Inside the chaos that was, and is, Cricket South Africa

One of the great ironies of Cricket South Africa’s meltdown is the fact that it took eight months to dismiss Thabang Moroe as chief executive – ironic because he found the process pretty simple when he was in charge. According to them, he didn’t even need any evidence of wrong-doing to get rid of six senior members of staff.

Corrie van Zyl was subsequently found not guilty of the trumped up charges against him and reinstated but the other five remain sacked and they are not happy about it. They are just one of the reasons why SASCOC is attempting to appoint a task team to investigate the shambles that is CSA.

“We wish to bring to your attention matters at Cricket South Africa (CSA) which we hope will be addressed in a manner that will not only do justice to us but also ensure that our fundamental human rights are upheld as provided for by the constitution of the country,” said the five in a letter to SASCOC.

“We do realise that this imposition is out of the ordinary but the circumstances prevailing at the organisation are unusual and the authorities that we should normally look to for recourse have either abdicated their responsibilities or are generally complicit in the wrongdoing.”

“We wish to state categorically that our suspensions and subsequent dismissals were part of a witch hunt designed to unlawfully remove us from the organisation,” the letter says. Between them they make 42 claims of factual inaccuracies, intimidation, false charges and procedural errors in direct conflict with CSA’s own constitution.

They claim to have had deductions made from their salaries for alleged losses incurred by CSA but say no evidence was prevented.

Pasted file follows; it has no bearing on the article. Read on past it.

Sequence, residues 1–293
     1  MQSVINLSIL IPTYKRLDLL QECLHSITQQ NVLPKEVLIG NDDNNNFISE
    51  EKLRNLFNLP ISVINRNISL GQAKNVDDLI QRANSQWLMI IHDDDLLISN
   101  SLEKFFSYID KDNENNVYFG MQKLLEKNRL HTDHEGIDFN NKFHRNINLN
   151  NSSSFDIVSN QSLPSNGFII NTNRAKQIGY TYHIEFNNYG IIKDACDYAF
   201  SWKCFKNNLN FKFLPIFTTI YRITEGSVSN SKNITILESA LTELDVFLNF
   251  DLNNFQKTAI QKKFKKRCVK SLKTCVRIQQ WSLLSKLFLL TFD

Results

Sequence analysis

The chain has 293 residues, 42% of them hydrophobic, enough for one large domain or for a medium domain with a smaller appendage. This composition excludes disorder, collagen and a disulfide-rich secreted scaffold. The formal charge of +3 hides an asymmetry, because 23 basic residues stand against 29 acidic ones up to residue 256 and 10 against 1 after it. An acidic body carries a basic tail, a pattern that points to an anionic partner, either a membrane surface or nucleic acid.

“The organisation sought to starve us financially by withholding the emoluments of some of us during our suspensions and refusing to release others’ provident funds even after it purported to expel us.

“Our concern is that Cricket South Africa has, through various officials, misled and continues to mislead Parliament, the Minister of Sports, Arts and Culture and the public. By so doing, Cricket South Africa has created a narrative that the organisation’s woes are the results of irresponsible stakeholder and financial management for which we were suspended…”

“Cricket South Africa has been underhanded in its dealing with us by completely abandoning any ethics that demand that a disciplinary hearing is conducted in a manner that is lawful, procedurally fair and in the best interest of the organisation and the sport,” the letter says.

“We wish to assure you that we have documented evidence to support our position and are willing to cooperate with you to the fullest on the matter.

“We firmly believe our suspensions and ultimately our unfair and unlawful dismissals are interlinked to the entire governance crisis that has plagued CSA and ought to be reviewed or investigated. We remain committed to the game we love and the organization that we helped build.”

Naasei Appiah, chief operating officer – the most high profile of those sacked. Appiah was initially sacked for failure to make an Mzansi Super League image rights payment to the players. SACA confirmed almost immediately that the only two signatories on the CSA-SACA contract were their respective CEOs at the time, Moroe and Tony Irish. Only Moroe was authorised to make that payment.

In all, Appiah was presented with 23 charges ranging from dereliction of duty to fraud. He says he incurred “substantial legal costs” preparing his defense only for 14 charges of the charges to be dropped before his disciplinary hearing. He was found guilty of eight charges “…in a hearing that can only be politely described as laughable” but only dismissed for four of them because there was no sanction for the other four ‘offenses.’